Mike Sarne

Michael Sarne (born 6 August 1940) is a British actor, writer, producer and director, who also had a brief career as a pop singer in the 1960s.

Mike Sarne
Michael Scheuer

(1940-08-06) 6 August 1940
Paddington, London, England
Alma materSchool of Slavonic and East European Studies
OccupationActor, writer, film director, singer
Years active1960–
Notable work
Come Outside
Joanna (director)
Myra Breckinridge (director)

Music career

Sarne was born Michael Scheuer at St Mary's Hospital, Paddington, London. He is of Czechoslovakian descent.[1] Active in the 1960s as singer, he is best known for his 1962 UK novelty chart topper, "Come Outside" (produced by Charles Blackwell), which featured vocal interjections by Wendy Richard.[2] He had three more releases which made the UK Singles chart: "Will I What?", in 1962, which featured Billie Davis; "Just for Kicks", in 1963; and "Code of Love", also in 1963.[3]

TV and film career

In the mid-1960s Sarne introduced the ITV children's quiz series Junior Criss Cross Quiz.

As an actor, he has appeared on television, in British series including The Avengers, Man in a Suitcase, Jonathan Creek and The Bill. Sarne also appeared in an episode of Minder as Billy Beesley, an amateur safe blower. His film credits include a starring role in the 1963 film A Place to Go with Rita Tushingham, directed by Basil Dearden, and he also appeared in Invasion Quartet (1961), Every Day's a Holiday (1965), Two Weeks in September (1967), Moonlighting (1982) and Success Is the Best Revenge (1984) for Polish director Jerzy Skolimowski and the Hercule Poirot film Appointment with Death (1988). He also played an SS captain in the TV miniseries War and Remembrance (1988). He later appeared in The Fourth Angel (2001), as Valery in the crime thriller Eastern Promises (2007), as a stage manager in Telstar: The Joe Meek Story (2008), and in 2011 he was the voice of Karla in the spy film Tinker Tailor Soldier Spy. In 2012, he played Father Mabeuf in the film of Les Misérables.[4]. In 2013, he was 'Publican No 5' in the British comedy film, The World's End.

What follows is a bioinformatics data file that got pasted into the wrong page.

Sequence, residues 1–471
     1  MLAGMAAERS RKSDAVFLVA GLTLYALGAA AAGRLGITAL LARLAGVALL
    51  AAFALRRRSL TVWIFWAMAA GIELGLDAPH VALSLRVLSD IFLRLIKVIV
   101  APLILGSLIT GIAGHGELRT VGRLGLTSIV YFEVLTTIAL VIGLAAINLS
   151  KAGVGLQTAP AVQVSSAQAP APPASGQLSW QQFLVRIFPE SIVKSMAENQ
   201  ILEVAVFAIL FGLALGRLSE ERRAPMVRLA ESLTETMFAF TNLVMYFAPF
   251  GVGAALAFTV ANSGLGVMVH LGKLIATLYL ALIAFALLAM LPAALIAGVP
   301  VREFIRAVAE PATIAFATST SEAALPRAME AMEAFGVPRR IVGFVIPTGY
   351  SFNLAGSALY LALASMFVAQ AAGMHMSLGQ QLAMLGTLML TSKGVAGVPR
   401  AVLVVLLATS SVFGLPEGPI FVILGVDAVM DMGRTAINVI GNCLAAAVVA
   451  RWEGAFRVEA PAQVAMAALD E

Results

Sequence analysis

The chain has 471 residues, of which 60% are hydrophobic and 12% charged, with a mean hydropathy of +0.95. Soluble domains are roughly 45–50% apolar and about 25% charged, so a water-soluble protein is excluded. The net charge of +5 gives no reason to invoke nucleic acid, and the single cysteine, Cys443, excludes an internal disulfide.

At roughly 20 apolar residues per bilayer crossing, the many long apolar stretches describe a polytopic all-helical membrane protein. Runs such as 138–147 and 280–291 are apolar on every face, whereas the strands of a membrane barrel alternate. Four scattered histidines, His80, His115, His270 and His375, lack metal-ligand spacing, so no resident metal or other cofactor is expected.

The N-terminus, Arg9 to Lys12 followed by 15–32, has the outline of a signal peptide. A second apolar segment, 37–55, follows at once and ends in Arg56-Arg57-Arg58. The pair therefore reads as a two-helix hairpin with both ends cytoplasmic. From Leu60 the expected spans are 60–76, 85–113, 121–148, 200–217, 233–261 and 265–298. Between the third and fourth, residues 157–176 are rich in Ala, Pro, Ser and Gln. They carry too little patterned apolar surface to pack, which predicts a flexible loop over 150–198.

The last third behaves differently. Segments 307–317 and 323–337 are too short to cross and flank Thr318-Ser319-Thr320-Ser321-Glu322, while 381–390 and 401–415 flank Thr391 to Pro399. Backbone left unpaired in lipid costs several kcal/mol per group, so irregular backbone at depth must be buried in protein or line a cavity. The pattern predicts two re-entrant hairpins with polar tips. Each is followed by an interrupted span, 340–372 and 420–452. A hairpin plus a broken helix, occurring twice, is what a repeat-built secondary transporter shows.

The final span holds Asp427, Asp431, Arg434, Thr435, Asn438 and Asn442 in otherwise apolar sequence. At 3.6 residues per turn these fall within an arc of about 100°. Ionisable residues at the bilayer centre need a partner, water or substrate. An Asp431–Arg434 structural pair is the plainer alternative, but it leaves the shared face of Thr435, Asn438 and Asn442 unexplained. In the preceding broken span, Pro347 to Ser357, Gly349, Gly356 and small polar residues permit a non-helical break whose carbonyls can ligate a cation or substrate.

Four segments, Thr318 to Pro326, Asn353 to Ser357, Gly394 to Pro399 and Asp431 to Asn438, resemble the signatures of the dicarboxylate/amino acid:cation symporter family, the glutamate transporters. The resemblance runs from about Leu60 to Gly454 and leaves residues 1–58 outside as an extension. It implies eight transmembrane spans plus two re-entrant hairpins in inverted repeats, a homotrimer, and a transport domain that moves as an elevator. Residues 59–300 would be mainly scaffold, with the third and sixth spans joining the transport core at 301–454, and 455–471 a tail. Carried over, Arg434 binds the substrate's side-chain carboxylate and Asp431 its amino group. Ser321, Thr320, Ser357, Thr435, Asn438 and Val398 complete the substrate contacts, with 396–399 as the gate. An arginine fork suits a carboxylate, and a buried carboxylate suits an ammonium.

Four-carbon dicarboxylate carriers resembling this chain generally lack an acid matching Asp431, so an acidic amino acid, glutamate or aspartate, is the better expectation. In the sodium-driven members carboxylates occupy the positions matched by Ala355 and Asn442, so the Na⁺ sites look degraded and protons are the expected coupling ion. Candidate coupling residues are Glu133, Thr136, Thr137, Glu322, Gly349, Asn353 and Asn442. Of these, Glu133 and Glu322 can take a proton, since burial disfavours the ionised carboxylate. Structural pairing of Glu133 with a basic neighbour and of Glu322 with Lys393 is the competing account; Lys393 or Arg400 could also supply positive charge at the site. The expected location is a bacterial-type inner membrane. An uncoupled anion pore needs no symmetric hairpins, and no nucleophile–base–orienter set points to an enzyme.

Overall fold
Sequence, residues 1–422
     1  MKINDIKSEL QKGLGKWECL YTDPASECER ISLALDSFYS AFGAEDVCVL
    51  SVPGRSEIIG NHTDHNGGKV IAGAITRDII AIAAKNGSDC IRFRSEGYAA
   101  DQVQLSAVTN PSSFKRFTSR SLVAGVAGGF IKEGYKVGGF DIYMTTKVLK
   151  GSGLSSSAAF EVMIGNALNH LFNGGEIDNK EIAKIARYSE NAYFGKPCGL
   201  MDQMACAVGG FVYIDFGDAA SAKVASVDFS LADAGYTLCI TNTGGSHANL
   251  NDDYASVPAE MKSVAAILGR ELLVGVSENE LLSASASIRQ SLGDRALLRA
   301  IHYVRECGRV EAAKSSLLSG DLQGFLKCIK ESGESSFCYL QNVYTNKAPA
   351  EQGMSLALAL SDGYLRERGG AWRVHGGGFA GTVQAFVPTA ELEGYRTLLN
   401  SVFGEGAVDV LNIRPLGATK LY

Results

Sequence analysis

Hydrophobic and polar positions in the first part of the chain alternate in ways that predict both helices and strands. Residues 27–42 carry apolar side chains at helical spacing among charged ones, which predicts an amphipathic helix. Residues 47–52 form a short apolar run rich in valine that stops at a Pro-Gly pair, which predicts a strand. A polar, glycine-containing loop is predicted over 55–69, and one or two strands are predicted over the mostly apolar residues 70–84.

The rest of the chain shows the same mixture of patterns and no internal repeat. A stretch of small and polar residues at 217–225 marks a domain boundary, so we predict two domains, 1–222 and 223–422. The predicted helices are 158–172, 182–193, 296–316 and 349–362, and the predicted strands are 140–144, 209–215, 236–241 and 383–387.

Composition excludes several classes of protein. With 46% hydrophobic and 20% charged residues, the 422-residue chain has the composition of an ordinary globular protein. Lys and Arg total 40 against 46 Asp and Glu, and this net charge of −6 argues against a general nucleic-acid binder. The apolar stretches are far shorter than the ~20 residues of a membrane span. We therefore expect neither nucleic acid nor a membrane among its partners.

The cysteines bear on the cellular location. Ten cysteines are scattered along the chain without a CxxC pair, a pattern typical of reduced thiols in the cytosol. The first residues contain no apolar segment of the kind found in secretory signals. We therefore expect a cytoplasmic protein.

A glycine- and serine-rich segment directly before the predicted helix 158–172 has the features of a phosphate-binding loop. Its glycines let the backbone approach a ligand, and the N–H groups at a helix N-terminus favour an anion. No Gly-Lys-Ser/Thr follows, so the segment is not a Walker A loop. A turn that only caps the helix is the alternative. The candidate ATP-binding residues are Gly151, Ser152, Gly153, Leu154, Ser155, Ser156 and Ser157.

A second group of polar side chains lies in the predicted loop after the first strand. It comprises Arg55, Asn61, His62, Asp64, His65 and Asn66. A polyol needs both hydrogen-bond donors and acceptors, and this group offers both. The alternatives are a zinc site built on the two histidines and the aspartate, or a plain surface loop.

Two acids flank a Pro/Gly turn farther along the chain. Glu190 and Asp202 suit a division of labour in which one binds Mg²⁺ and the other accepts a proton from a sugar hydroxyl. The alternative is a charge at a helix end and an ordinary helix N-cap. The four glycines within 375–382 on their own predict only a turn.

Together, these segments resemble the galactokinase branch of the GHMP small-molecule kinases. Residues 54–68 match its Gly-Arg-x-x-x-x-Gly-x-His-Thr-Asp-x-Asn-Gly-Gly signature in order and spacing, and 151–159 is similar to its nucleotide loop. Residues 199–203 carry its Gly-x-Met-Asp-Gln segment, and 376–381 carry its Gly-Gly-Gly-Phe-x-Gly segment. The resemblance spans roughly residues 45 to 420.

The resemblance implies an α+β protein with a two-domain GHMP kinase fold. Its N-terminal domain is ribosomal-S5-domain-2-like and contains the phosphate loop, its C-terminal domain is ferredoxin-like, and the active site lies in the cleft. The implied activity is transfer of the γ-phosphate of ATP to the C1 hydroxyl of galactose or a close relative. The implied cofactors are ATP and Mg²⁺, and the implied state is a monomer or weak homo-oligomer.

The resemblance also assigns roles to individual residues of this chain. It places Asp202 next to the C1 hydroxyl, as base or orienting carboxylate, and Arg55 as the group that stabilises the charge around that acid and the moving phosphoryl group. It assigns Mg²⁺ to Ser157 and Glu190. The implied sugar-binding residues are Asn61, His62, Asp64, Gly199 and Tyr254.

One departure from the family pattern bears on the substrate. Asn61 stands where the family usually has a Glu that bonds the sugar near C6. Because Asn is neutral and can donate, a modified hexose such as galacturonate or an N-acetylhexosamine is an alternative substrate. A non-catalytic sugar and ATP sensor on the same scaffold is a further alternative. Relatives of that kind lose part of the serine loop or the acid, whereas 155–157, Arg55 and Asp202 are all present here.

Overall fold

Films he has directed include Joanna (1968) and Myra Breckinridge (1970), an adaptation of Gore Vidal's book of the same name, starring Raquel Welch, Rex Reed, Mae West, with Farrah Fawcett and Tom Selleck in roles early in their careers. Joanna broke even at the box office, but Myra Breckinridge was a major box-office flop and drew such critical hostility, his career never recovered. A more recent film is The Punk and the Princess (1994), an adaptation of Gideon Sams' young adult novel The Punk, about the romance between a teenage punk rocker and a Sloane Ranger girl. He also directed a documentary about the Glastonbury Music Festival in 1995.

Personal life

He attended the School of Slavonic and East European Studies earning a BA.[5] Sarne had a relationship with Brigitte Bardot only a few days after her honeymoon with Gunter Sachs.[6] He has five children – two from his 1969–1978 marriage to Tanya Sarne, founder of the designer label Ghost; and three with second wife Anne Musso, whom he married in 2004 in Chelsea, London.[7]

His brother, David Scheuer, had a brief acting career in the 1960s and '70s.

See also


  1. "Mike Sarne". Oxford reference. Retrieved 16 July 2013.
  2. Roberts, David (2006). British Hit Singles & Albums (19th ed.). London: Guinness World Records Limited. p. 481. ISBN 1-904994-10-5.
  3. "Official charts Mike Sarne". www.officialcharts.com. Retrieved 16 July 2013.
  4. "Michael Sarne - Rotton Tomatoes". Rotten Tomatoes. Retrieved 16 July 2013.
  5. "Michael Sarne - Resume". www.michaelsarne.net. Retrieved 16 July 2013.
  6. 9 May 2011 (9 May 2011). "Gunter Sachs". Telegraph. Retrieved 24 April 2012.
  7. Marriages England and Wales 1984-2005
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